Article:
This study examines the relationship between student perceptions of different types of educator power and different modes of student complaining behaviour in the case of university education. A large sample of marketing students in the business school responded to the study from a state university in Northeastern United States. Factor analysis and canonical correlation analysis are used to explore the relationships between five bases of power perceptions (referent, expert, reward, legitimate, and punishment) and four modes of complaining behaviour (voice, negative word of mouth, third party, and exit). The results indicate that students engage in different modes of complaining as they perceive different types of educator power. The predominant complaining mode is found to be voice under referent or expert power, third party under legitimate power, and exit under reward or punishment power. Our findings offer important implications for student satisfaction, retention, and completion rates in higher education.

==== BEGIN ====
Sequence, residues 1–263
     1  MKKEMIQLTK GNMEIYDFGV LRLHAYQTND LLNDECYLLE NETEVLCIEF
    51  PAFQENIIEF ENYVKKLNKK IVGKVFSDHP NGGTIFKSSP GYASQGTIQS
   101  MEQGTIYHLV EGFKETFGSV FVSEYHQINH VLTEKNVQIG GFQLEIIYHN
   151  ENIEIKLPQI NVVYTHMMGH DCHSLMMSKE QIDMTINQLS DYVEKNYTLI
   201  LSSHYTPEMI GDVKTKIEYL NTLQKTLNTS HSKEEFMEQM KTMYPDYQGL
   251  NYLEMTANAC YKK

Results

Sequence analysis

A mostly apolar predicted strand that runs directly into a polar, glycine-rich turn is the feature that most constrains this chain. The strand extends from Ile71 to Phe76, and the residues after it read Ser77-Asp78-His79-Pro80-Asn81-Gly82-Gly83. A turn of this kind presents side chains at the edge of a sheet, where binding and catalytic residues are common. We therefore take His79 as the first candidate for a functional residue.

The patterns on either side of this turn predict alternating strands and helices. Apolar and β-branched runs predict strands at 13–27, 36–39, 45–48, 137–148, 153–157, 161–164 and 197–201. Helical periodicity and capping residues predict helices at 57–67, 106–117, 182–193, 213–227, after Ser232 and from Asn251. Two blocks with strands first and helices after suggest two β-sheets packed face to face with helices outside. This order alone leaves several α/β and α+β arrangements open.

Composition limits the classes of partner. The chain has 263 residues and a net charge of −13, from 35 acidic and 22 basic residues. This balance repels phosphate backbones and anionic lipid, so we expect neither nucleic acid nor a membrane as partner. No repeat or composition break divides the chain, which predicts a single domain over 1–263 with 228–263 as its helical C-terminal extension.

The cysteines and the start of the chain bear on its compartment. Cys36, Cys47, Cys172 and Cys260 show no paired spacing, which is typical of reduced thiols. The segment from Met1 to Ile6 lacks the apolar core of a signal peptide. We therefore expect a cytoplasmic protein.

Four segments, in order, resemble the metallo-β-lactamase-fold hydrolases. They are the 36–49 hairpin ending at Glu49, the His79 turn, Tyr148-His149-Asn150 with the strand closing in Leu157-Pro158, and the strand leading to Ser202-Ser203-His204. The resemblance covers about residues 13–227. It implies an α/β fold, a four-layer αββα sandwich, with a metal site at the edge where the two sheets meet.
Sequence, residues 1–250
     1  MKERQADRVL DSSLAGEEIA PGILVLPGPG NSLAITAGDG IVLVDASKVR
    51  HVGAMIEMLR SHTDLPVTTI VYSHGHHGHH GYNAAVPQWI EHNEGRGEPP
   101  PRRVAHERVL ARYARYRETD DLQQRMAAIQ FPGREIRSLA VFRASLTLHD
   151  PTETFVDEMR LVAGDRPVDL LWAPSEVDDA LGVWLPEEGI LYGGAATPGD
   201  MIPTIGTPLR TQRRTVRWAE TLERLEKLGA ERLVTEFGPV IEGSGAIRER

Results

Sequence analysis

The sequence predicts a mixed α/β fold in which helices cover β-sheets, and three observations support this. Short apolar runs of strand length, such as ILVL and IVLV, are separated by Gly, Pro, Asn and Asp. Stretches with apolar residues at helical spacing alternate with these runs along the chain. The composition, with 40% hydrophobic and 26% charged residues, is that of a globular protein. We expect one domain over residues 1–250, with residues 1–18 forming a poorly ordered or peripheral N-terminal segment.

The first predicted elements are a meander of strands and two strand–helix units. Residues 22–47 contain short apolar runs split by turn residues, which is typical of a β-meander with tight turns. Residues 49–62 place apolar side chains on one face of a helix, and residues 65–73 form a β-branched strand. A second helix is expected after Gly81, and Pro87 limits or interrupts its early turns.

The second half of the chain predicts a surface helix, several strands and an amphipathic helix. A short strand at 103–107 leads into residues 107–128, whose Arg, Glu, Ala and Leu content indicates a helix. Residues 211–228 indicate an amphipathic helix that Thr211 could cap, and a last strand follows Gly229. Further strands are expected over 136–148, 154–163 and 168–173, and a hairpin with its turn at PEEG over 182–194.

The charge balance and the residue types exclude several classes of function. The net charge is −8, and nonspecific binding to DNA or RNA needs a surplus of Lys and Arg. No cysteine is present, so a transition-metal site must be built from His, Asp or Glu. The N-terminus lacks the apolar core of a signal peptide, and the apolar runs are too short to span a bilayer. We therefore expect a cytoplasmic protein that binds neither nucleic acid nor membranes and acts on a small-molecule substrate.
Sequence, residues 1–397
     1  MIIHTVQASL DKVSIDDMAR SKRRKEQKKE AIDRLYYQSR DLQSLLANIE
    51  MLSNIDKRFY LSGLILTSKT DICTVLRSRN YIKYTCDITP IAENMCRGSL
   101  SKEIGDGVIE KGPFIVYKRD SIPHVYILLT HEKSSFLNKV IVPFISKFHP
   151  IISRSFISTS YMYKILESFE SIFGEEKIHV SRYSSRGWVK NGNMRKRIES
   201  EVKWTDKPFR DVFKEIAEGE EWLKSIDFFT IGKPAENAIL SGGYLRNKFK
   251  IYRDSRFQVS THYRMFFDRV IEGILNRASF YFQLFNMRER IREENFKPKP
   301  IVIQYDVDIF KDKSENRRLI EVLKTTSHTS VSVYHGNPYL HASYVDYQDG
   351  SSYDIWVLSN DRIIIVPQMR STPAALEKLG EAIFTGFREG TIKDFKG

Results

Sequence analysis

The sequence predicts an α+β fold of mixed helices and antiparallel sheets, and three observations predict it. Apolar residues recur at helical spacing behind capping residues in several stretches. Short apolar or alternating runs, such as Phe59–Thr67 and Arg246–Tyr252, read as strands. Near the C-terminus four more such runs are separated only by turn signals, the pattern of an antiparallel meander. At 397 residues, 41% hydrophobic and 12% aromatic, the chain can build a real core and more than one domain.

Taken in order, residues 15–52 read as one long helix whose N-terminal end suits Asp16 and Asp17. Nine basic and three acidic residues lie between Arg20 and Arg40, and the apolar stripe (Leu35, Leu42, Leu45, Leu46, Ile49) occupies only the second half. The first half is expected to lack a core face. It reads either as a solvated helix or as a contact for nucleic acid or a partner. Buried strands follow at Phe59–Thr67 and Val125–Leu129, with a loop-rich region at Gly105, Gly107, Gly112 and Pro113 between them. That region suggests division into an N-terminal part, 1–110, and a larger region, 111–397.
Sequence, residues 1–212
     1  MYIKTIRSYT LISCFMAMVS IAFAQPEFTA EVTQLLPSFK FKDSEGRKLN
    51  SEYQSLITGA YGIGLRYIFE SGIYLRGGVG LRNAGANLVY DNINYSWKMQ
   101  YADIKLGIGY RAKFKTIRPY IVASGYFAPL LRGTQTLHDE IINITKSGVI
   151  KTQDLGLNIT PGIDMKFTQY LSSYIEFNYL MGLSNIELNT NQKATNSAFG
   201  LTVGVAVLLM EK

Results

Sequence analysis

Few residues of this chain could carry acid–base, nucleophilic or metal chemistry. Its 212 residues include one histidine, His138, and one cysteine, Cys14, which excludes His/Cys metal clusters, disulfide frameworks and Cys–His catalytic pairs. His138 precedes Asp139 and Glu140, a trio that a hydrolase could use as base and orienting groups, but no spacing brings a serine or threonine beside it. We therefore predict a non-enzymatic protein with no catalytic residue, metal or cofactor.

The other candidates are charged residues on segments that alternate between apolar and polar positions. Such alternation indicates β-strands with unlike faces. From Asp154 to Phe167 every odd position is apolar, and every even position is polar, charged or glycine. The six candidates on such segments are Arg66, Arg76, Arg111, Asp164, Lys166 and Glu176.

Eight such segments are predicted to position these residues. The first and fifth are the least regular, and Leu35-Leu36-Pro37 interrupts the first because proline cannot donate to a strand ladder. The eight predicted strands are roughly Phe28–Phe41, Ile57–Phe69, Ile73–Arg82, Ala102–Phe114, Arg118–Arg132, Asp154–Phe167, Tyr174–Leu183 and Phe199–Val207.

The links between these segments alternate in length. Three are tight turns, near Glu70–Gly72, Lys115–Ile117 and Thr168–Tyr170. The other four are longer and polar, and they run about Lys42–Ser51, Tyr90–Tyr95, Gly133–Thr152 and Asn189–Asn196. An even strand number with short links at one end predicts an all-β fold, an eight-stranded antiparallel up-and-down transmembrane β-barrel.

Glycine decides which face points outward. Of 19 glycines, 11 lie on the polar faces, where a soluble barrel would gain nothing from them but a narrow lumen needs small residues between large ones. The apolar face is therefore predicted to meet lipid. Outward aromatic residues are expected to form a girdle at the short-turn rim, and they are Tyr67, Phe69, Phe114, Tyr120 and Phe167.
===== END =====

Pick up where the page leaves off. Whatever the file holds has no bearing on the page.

All Science Journal Classification (ASJC) codes
- Strategy and Management
- Management of Technology and Innovation